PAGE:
“This could be the straw that breaks the camel’s back,” Gus Faucher, chief economist at PNC, said of the ongoing trade war. “I am more concerned about the US economy now than I have been throughout this expansion.”
“You aren’t supposed to do stimulus until you’re in a recession — when you need it,” said Lisa Shalett, chief investment officer at Morgan Stanley Wealth Management. “We pulled demand forward before there was a recession, meaning we may in fact have caused the recession.”
Recession signal flashes
Shalett said the United States will likely enter a recession in 2020 and warned the global economy may already be there.
“It is highly, highly likely that the US economy will continue to slow down,” she said.
“The bond market already gets the joke. The stock market still doesn’t,” Shalett said, predicting a 10% tumble for stocks over time.
“Unfortunately, we saw a minimal short-term bump,” said Lindsey Piegza, chief economist at Stifel.
Piegza estimates there is at least a 50% chance of a 2020 recession in the United States.
Trade war dings factories
“The trade war is exacerbating it,” said Jeffrey Sherman, co-portfolio manager of the DoubleLine Core Fixed Income Fund. “A lot of it is self-inflicted.”
“At the heart of the weakness is deteriorating trade relations,” said Stifel’s Piegza.
Unemployment claims have climbed by an average of 5% in key manufacturing states such as Michigan, Pennsylvania, Ohio and Wisconsin since US tariffs on China were imposed in September 2018, according to Bank of America. Iowa’s jobless claims have jumped 16% over that span.
“Right now, we’re not looking at recession conditions,” Liz Ann Sonders, chief investment strategist at Charles Schwab, told CNN Business’ “Markets Now.” “But if that manufacturing malaise moves into consumer malaise, then the chances we’re going to go in one or may already be in one go higher.”
What if the trade war goes away?
Many still have confidence the United States will avert a downturn.
A strong rebound in manufacturing would certainly lower the odds of a downturn. And that could come from powerful stimulus by China or a thaw in the trade war.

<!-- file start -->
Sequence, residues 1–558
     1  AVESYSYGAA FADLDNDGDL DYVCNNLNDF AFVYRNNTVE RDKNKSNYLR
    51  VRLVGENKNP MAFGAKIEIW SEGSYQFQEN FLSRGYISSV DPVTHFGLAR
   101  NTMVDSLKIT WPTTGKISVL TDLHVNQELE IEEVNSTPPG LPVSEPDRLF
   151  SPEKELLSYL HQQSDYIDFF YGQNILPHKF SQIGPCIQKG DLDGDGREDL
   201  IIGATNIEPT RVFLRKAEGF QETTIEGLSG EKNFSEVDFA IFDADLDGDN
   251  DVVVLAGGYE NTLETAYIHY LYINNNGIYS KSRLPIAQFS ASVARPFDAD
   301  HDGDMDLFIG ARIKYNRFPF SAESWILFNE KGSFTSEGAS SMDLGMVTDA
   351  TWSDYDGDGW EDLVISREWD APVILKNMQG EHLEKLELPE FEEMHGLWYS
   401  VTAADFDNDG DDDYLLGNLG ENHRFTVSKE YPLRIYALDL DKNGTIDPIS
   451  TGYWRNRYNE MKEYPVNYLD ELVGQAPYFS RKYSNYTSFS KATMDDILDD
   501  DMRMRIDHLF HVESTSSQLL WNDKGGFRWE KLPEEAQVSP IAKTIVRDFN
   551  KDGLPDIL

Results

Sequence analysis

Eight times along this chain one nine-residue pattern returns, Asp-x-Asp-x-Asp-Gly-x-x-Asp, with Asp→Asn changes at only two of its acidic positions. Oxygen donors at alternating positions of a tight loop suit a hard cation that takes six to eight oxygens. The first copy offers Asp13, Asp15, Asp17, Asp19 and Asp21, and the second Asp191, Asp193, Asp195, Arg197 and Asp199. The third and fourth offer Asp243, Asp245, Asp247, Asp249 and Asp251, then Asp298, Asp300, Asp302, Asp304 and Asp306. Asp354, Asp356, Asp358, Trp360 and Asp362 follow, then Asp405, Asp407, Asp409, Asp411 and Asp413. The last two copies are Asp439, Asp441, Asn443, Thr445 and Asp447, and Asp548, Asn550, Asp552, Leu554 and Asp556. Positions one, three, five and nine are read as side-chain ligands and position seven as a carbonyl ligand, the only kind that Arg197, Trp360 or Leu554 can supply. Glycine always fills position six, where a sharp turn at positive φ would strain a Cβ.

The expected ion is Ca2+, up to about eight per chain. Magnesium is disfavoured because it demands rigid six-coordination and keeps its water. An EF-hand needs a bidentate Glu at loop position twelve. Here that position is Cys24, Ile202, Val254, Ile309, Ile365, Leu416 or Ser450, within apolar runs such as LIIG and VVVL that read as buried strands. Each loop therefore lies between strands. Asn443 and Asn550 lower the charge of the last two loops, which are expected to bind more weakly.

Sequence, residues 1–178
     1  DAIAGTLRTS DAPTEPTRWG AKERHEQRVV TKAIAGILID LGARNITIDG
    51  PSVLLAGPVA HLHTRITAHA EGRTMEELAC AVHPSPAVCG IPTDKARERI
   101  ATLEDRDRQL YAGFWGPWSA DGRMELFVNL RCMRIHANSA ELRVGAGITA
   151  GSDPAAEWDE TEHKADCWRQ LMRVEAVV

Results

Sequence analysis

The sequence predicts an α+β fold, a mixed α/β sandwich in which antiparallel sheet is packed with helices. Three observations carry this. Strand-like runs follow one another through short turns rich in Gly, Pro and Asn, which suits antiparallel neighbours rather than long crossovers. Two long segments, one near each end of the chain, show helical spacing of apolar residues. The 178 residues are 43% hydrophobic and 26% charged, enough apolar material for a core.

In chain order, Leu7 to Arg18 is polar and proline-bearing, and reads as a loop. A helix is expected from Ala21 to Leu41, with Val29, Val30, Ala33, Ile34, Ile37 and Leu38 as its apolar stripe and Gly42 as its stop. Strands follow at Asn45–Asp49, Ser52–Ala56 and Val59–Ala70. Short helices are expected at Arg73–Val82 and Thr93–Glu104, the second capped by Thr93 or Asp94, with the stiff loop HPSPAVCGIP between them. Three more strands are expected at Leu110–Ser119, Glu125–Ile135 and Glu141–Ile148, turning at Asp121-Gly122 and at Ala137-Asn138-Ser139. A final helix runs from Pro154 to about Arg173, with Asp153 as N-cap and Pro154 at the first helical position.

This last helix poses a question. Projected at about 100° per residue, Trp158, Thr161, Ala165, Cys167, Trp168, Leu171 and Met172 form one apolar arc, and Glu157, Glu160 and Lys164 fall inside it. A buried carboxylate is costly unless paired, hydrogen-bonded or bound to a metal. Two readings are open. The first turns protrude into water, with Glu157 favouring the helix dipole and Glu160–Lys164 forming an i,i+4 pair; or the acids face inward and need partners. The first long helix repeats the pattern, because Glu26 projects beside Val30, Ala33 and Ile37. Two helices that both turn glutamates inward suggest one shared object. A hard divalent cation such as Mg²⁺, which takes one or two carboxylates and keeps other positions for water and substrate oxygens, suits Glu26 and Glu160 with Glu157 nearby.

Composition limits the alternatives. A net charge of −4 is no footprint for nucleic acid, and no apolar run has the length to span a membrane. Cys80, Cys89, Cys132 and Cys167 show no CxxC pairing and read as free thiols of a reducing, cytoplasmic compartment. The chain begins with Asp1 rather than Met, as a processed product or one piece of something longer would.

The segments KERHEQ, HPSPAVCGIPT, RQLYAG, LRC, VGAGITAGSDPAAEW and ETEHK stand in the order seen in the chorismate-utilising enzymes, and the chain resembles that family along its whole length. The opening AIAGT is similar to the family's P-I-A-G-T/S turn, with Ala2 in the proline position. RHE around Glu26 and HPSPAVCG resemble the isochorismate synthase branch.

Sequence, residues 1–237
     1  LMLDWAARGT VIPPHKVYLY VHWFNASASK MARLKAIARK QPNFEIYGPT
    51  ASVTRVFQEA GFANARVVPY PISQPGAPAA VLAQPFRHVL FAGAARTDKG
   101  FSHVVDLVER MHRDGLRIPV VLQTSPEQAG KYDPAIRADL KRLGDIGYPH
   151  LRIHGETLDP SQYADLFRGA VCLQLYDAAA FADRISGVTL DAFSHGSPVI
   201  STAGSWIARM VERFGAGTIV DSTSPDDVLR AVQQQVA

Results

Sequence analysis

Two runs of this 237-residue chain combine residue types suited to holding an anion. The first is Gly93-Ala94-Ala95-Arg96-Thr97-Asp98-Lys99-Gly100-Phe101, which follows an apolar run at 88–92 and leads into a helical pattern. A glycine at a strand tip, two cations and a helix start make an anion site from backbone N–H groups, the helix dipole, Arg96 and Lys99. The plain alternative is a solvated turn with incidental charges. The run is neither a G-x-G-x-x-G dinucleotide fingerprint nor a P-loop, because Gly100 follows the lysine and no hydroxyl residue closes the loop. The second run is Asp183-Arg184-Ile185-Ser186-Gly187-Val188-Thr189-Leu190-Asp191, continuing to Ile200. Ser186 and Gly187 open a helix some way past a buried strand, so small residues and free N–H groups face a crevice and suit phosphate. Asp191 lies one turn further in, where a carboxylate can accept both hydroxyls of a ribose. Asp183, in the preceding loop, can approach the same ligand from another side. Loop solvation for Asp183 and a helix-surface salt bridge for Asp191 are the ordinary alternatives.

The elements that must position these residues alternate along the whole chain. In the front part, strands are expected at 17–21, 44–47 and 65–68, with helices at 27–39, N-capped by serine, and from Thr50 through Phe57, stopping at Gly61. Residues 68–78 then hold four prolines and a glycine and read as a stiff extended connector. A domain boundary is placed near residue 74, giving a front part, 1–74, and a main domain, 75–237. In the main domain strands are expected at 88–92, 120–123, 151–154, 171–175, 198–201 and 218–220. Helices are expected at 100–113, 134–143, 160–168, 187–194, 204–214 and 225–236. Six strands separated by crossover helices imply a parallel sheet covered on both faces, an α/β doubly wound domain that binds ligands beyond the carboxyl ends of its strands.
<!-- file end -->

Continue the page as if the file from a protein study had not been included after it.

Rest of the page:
“We can reverse this,” DoubleLine’s Sherman said, “if the president turned around and got rid of the tariffs overnight.”
Although Trump’s trade war is causing trouble for the global economy, many have defended the desire to get China to play fair on trade. China’s alleged intellectual property theft and forced technology transfers have real costs.
“I’m not a fan of tariffs, but we need to find a way to push,” Solomon said.
$1 trillion budget deficit looms
Likewise, many viewed the decision to lower the corporate tax rates as a way to make American business more competitive globally.
However, the $1.5 trillion tax law wasn’t paid for, causing government revenue to decline. And Trump has enacted bipartisan agreements to ramp up government spending.
That one-two combination amounted to a strong dose of fiscal stimulus normally reserved for a recession or severe slowdown.
“It’s not the legislation I take issue with. It’s the timing of the legislation,” Piegza said of the tax law. “We were already on a tremendously dangerous trajectory.”
Trump has sought to shift the blame for a potential recession to the Federal Reserve. The president has repeatedly slammed Jerome Powell, his handpicked Fed chief, for raising interest rates. Trump now wants the Fed to slash rates.
“Lowering rates isn’t really going to solve what ails this economy,” said Morgan Stanley’s Shalett.
The good news is that even those who see a potential recession on the horizon don’t fear a repeat of the last downturn, which was the worst in a generation.
“It’s still going to cause pain but not nearly as bad as the Great Recession,” said Faucher.
He noted that US GDP plunged by 4% from peak-to-trough during that crisis, or roughly twice as much as a “normal” recession.
Of course, few saw just how disastrous the Great Recession would be until it was already too late.
One major difference is that economists don’t see an epic bubble ready to burst like the real estate and tech bubbles that popped during last decade’s recessions.
“It’s going to be a garden-variety recession. It’s not a crisis or Armageddon,” said Shalett.
“Recessions aren’t bad. We’ve lived through many recessions. There is cleansing that happens,” Shalett said.
And this cleansing may at least partially be self-inflicted.